Federal Reserve cuts US interest rates to three per cent
The Federal Reserve has cut interest rates by half a point to three per cent as it attempts to stave off recession in the United States economy.
The move comes eight days after heavy losses on global exchanges forced the Fed to make an unscheduled 0.75 per cent cut from 4.25 per cent.
Fears of a US recession were heightened earlier today when the US government revealed gross domestic product (GDP) grew by just 0.6 per cent in the final quarter of 2007, less than economists' expectations.
A statement from the Federal open markets committee said: "Financial markets remain under considerable stress, and credit has tightened further for some businesses and households.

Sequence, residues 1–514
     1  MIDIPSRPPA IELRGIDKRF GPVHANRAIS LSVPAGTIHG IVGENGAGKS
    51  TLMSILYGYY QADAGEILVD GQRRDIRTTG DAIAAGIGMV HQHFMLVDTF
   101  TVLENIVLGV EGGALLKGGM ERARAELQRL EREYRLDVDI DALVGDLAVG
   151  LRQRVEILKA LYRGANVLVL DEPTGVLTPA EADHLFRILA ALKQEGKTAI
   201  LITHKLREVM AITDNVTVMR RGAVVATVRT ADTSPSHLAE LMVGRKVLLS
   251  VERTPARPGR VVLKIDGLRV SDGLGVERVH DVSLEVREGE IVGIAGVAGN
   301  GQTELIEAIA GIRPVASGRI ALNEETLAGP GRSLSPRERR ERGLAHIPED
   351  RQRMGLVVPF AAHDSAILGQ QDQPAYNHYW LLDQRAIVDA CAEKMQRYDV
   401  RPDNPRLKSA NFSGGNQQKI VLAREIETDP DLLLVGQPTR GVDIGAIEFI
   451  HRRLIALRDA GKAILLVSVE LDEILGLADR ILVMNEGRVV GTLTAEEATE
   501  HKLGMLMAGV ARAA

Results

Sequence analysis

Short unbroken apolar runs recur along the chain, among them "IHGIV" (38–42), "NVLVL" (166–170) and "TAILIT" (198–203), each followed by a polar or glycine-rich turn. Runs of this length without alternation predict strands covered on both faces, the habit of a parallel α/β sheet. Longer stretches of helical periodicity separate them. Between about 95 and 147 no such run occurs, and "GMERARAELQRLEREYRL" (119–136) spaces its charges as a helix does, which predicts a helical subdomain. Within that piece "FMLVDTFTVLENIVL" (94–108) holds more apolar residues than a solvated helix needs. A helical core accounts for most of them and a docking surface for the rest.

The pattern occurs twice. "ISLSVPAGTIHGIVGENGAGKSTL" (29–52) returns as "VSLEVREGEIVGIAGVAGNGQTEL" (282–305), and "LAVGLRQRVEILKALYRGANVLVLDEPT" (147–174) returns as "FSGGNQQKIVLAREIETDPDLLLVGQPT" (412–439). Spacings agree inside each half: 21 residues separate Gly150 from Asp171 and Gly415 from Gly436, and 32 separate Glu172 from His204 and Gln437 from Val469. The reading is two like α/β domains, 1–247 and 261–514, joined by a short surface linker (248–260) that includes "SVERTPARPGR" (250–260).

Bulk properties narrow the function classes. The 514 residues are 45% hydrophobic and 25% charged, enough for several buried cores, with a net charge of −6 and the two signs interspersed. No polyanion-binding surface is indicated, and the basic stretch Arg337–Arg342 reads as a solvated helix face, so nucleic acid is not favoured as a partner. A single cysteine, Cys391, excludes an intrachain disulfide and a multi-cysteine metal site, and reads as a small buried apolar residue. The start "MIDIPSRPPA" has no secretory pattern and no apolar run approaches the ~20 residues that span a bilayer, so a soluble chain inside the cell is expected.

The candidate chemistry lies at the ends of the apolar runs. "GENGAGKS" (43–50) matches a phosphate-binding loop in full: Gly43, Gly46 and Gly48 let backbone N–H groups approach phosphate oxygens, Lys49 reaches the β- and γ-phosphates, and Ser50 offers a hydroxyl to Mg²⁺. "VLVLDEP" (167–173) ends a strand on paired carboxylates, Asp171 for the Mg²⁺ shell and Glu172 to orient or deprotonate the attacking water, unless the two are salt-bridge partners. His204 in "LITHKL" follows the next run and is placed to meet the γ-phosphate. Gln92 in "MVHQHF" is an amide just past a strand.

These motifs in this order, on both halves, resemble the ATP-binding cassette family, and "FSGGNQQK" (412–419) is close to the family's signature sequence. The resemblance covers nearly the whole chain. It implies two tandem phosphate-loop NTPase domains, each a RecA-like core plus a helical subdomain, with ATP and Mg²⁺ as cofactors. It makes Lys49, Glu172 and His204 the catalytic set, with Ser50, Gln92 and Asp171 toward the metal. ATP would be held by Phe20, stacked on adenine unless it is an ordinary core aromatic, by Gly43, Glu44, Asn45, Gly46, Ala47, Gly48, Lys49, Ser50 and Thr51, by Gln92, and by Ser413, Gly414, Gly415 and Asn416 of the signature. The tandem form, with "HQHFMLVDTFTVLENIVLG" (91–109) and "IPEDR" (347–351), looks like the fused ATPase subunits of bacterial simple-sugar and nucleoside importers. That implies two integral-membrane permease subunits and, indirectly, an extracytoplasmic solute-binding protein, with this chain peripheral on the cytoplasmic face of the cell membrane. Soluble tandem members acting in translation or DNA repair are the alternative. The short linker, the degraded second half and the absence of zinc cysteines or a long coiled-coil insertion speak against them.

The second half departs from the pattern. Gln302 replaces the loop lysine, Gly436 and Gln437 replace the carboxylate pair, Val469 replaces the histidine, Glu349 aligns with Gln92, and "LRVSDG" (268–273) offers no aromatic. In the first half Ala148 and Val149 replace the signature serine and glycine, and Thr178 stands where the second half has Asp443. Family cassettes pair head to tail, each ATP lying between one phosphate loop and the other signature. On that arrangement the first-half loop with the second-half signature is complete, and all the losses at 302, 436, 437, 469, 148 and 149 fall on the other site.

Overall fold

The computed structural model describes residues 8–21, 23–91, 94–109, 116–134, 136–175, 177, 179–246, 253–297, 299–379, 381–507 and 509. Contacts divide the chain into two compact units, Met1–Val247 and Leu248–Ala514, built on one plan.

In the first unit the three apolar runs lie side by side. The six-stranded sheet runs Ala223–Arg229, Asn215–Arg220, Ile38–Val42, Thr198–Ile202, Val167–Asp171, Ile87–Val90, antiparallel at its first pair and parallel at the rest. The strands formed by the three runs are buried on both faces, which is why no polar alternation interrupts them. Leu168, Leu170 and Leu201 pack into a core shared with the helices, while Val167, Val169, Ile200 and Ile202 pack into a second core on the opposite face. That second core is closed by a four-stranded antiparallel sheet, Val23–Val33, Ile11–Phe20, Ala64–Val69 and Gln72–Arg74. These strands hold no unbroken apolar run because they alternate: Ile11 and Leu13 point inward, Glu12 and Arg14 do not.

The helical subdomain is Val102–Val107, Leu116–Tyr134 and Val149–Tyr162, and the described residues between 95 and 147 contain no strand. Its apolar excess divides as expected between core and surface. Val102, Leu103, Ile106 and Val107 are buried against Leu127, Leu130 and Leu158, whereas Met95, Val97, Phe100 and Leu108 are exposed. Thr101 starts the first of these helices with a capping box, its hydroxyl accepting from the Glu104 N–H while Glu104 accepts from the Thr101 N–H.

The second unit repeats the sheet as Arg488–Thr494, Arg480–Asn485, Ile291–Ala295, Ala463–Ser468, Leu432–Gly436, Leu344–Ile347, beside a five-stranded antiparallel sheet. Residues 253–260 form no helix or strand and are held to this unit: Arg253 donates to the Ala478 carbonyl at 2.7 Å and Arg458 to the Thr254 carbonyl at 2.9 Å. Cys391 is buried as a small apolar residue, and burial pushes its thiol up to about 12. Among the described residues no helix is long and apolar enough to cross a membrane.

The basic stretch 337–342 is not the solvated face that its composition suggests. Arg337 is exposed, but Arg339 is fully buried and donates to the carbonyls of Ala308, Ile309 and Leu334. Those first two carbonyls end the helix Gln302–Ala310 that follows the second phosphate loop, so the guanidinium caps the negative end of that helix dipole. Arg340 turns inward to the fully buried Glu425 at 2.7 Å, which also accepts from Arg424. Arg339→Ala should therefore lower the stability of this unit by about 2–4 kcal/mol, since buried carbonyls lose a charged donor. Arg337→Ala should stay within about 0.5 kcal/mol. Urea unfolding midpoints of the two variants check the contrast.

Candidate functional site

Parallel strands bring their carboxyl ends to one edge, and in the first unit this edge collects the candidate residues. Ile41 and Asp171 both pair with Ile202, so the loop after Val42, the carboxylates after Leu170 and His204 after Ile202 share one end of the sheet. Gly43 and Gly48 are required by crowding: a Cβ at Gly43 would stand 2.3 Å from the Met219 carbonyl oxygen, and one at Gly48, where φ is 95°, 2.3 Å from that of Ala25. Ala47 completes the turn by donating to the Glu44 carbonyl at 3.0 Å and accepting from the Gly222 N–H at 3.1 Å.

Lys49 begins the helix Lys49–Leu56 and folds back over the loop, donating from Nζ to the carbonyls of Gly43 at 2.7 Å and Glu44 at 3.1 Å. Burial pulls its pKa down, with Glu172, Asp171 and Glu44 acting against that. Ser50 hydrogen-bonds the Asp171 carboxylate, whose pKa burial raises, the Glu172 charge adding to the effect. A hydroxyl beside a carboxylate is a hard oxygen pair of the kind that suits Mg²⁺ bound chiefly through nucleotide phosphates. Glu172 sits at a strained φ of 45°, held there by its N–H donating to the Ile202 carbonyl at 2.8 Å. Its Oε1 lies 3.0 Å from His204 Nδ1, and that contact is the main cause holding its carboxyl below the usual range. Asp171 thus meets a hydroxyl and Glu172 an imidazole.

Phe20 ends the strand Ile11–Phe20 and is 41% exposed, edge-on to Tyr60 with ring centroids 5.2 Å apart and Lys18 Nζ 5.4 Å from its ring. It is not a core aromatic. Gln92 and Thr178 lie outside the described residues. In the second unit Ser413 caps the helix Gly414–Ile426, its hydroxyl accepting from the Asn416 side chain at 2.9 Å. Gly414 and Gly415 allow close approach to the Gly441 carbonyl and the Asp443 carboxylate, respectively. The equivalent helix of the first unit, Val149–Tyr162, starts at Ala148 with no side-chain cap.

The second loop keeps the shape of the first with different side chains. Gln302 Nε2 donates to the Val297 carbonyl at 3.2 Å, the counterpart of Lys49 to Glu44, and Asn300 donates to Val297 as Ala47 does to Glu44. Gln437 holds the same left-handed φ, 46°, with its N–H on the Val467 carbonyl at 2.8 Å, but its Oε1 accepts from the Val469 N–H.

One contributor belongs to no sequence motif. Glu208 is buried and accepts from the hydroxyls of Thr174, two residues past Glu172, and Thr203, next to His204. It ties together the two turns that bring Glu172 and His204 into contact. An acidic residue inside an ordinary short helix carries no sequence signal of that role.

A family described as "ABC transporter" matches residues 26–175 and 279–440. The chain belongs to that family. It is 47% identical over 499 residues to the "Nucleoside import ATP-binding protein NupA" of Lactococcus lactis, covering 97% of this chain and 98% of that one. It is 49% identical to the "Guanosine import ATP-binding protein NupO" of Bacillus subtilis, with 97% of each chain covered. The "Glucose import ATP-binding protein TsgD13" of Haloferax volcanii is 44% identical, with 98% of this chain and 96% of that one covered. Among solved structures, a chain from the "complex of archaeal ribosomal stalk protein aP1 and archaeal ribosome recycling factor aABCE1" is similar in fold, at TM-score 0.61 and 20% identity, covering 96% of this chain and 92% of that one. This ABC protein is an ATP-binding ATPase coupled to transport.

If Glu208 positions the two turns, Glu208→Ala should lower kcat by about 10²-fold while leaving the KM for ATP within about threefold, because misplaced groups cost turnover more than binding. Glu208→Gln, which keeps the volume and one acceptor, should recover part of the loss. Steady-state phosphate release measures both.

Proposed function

"Moreover, recent information indicates a deepening of the housing contraction as well as some softening in labour markets."
Analysts had argued a quarter-point hike previously viewed as a possibility would not have been sufficient to shore up flagging market sentiment.
Today's move will "promote moderate growth over time", the statement adds, before acknowledging that "downside risks to growth remain".
It states it remains prepared to act "in a timely manner" as circumstances require, a phrase analysts are interpreting as a statement of intent over potential future unscheduled rate cuts.
Nine of the committee's ten members approved the half-point cut. Richard Fisher preferred to hold rates at 3.5 per cent.